In Saskatchewan, a highlight of this year’s progress was the formation of the Chief Whitecap Waterway Committee, which saw the development of the Chief Whitecap Waterway that follows the South Saskatchewan Heritage River from the Gardiner Dam to the City of Saskatoon. In British Columbia, the B.C. Marine Trails Network Association worked with Recreation Sites and Trails BC, the Squamish Nation, the Government of B.C., the Squamish Lillooet District and the Sunshine Coast Regional District to develop the Sea to Sky Marine Trail, a saltwater section of the TCT on Howe Sound that will encourage multi-day paddling and camping trips from Horseshoe Bay to Squamish. With support from the Regional District of East Kootenay and Columbia Basin Trust, Trails BC
finished Phase One of the three-year, $1 million, 42-km Isadore Canyon Rail Trail from Cranbrook to Wardner. In Saskatchewan, the Canora Trakkers Snow Club continued work on the 31-km Trail section from Canora to Good Spirit Lake. The Meewasin Valley Authority continued developing a 4.5-km section of the Meewasin Trail, north of Saskatoon. Rural municipalities and TCT volunteers also upgraded many of the province’s trails in preparation for signage in the spring. PLANNING
In British Columbia, the Capital Regional District and the Cowichan Valley Regional District conducted feasibility studies for a critical Trail gap between Langford and Shawnigan Lake on Vancouver Island. In Saskatchewan, the Wakamow Valley Authority finalized plans for a Trail section in the Wakamow Valley in Moose Jaw, and the Meewasin Valley Authority finalized plans for a Trail section from the Meewasin Valley Trail to Chief Whitecap Park. Planning also began for a water trail on the Qu’Appelle River between Lumsden and Pasqua Lake.
TCT’S PROVINCIAL PARTNERS IN WESTERN CANADA Trails BC trailsbc.ca Alberta TrailNet albertatrailnet.com Saskatchewan Vision 2017 Trail Committee
Right: Their Royal Highnesses The Earl and Countess of Wessex on the Coho Loop Trail in Capilano River Regional Park, Vancouver, British Columbia. Photo: Barry J Brady Photography
Squamish First Nation Totem Poles at Brockton Point along the TCT in Stanley Park, Vancouver, British Columbia. Photo: Bruce Obee
Meewasin Trail near Saskatoon overlooking the South Saskatchewan River Valley. Photo: Karen Edwards
SK photo caption, photo credit
I encourage all Canadians to experience the Trans Canada Trail and our national parks and historic sites, and to really appreciate all Canada has to offer in terms of its geographic and cultural diversity. –Alan Latourelle, CEO, Parks Canada
Launched in 1992 as a legacy project for Canada’s 125th anniversary, the Trail today is a network of recreational trails stretching nearly 19,000 kilometres from coast to coast to coast. It showcases urban, rural and wilderness areas in every province and territory, and offers Canadians and visitors countless opportunities to experience Canada’s natural beauty and diversity. By providing recreational trails for walking/hiking, cycling, paddling, horseback riding, cross-country skiing and snowmobiling, the Trans Canada Trail offers something for everyone. Today, the TCT is 80 per cent connected, with nearly 5,000 kilometres to be built in order to reach its coast-to-coast-to-coast connection goal by 2017, Canada’s 150th anniversary. Local Trail groups are hard at work planning routes, negotiating land access, securing permits, raising funds and constructing trail to bridge the remaining gaps. TCT provides financial support to these groups, thanks to generous contributions from all levels of government, businesses, foundations and individual donors.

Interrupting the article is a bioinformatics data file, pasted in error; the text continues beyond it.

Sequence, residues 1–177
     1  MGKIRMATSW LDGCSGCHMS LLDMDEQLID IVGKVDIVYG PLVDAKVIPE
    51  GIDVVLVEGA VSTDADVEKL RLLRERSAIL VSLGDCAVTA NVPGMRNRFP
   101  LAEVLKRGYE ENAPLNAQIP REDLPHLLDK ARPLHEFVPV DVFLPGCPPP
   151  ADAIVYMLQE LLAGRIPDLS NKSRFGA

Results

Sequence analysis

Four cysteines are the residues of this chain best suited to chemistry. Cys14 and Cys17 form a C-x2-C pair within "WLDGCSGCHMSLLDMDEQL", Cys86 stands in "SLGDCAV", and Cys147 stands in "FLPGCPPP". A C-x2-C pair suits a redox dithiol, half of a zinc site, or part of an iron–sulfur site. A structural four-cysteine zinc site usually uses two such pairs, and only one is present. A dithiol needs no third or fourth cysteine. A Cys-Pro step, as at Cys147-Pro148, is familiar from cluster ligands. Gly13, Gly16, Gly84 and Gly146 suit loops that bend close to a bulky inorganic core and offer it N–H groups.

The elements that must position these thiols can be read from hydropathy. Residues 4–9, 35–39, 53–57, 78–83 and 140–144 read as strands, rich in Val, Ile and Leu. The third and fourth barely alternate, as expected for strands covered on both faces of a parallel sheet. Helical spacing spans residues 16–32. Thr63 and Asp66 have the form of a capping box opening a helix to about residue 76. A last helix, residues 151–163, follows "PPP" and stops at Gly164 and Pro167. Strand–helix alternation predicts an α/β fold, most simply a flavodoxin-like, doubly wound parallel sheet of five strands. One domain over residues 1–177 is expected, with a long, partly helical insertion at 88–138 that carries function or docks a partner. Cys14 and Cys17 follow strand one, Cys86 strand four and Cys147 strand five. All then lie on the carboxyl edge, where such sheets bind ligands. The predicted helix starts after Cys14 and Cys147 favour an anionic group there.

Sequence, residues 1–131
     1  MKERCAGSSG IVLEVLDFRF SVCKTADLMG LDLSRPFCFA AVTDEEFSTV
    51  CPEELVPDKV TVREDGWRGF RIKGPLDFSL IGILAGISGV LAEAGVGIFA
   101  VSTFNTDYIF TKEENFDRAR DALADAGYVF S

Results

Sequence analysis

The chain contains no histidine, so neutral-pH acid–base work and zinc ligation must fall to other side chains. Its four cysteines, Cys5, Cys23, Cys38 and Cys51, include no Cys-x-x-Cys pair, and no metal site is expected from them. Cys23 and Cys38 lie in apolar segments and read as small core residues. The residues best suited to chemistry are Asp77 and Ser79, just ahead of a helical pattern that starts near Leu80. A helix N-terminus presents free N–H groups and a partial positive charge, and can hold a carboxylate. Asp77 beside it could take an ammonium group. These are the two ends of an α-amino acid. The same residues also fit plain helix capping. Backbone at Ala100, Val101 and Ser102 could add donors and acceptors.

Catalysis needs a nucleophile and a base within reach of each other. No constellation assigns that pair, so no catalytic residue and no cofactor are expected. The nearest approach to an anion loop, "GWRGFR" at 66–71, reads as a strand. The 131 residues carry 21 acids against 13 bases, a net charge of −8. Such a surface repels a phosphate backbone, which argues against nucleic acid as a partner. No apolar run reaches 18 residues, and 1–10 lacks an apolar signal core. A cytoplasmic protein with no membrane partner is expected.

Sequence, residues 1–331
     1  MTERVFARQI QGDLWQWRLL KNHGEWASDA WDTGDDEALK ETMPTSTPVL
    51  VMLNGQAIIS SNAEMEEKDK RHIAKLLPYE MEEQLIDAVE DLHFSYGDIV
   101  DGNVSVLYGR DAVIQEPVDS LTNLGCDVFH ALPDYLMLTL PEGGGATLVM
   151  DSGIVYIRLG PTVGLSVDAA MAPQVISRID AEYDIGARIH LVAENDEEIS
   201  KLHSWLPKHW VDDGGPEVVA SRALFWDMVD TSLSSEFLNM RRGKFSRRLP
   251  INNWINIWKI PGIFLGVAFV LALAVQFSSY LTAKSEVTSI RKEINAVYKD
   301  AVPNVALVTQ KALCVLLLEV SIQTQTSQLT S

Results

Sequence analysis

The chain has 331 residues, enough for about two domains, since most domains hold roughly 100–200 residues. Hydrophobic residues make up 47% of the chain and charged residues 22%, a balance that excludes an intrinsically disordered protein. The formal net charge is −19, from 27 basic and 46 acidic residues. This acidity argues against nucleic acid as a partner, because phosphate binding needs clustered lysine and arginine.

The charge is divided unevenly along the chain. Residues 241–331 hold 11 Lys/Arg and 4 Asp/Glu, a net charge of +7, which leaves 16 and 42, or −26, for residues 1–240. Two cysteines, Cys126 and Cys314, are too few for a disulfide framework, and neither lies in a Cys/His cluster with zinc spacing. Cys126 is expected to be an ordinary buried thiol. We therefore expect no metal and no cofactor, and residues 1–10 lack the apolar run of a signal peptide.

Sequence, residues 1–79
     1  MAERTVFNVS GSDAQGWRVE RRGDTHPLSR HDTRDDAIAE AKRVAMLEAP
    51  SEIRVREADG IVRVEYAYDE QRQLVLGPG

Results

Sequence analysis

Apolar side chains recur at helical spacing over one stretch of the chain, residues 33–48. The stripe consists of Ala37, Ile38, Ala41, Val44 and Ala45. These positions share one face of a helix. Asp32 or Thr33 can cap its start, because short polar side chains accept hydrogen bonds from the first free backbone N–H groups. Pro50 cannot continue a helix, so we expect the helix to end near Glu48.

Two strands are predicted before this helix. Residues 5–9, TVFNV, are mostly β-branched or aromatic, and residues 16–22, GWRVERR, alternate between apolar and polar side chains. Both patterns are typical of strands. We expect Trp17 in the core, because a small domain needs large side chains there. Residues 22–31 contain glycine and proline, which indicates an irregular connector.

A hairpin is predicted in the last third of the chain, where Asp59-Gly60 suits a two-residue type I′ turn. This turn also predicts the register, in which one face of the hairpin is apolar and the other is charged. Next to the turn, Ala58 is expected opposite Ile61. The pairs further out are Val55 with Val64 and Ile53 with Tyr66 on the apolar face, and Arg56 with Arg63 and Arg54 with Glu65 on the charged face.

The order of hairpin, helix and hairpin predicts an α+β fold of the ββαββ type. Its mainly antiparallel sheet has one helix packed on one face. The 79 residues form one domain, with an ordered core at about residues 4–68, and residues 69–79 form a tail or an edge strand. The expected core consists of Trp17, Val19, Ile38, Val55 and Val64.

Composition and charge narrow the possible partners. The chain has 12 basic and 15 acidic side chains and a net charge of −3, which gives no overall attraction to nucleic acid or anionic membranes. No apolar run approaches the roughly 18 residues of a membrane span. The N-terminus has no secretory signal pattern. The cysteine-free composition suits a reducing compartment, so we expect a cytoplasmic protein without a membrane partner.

59% BRITISH COLUMBIA
Connected Land or Water Trail Gap in Trail
TCT intersects with Parks Canada designated National Park
Projection: Lambert Conformal Conic. Sources: TCT, DMTI Spatial, ESRI. Production: Montréal, Trans Canada Trail.
NEWFOUNDLAND AND LABRADOR
PRINCE EDWARD ISLAND Charlottetown
About the Trans Canada Trail
A nation’s anniversary is a momentous and joyous occasion, and so it is with great enthusiasm that the Trans Canada Trail prepares for 2017, the 150th anniversary of Confederation. By 2017, the Trans Canada Trail will be nearly 24,000 kilometres long and will traverse the country from coast to coast to coast. It will also be the longest and grandest recreational trail in the world. At that time, our greatest hope is that Canadians across the country will look to the Trail as a stage for their local celebrations—a natural setting in which they can connect with their land and with one another. This achievement will be due to the hard work of thousands of donors, volunteers and government partners across the country, managed through two non-profit charitable organizations: the Trans Canada Trail Foundation and the Trans Canada Trail. The TCT is responsible for the overall direction and design of the Trail. We work with 13 territorial and provincial partner organizations that coordinate regional planning and Trail
“This country has so many wonderful points on the map, so many great vistas and landmarks to discover. With that comes the opportunity to be physically active, to explore these points, and that can begin with a simple walk on the Trans Canada Trail.” – His Excellency the Right Honourable David Johnston, Governor General of Canada and TCT Patron
development. These partners then work closely with local Trail groups that build and manage trails. Together, these two organizations provide support for Trail building via three key roles: • Funding community Trail projects, supporting and engaging territorial and provincial partners, and directing the energy of volunteers and supporters • Promoting the Trans Canada Trail network by enhancing the Trail’s profile, emphasizing the benefits of the Trail, and encouraging Canadians and visitors to enjoy the Trail • Executing a robust fund development program to raise the funds needed for the construction, signing, promotion and long-term maintenance of the Trail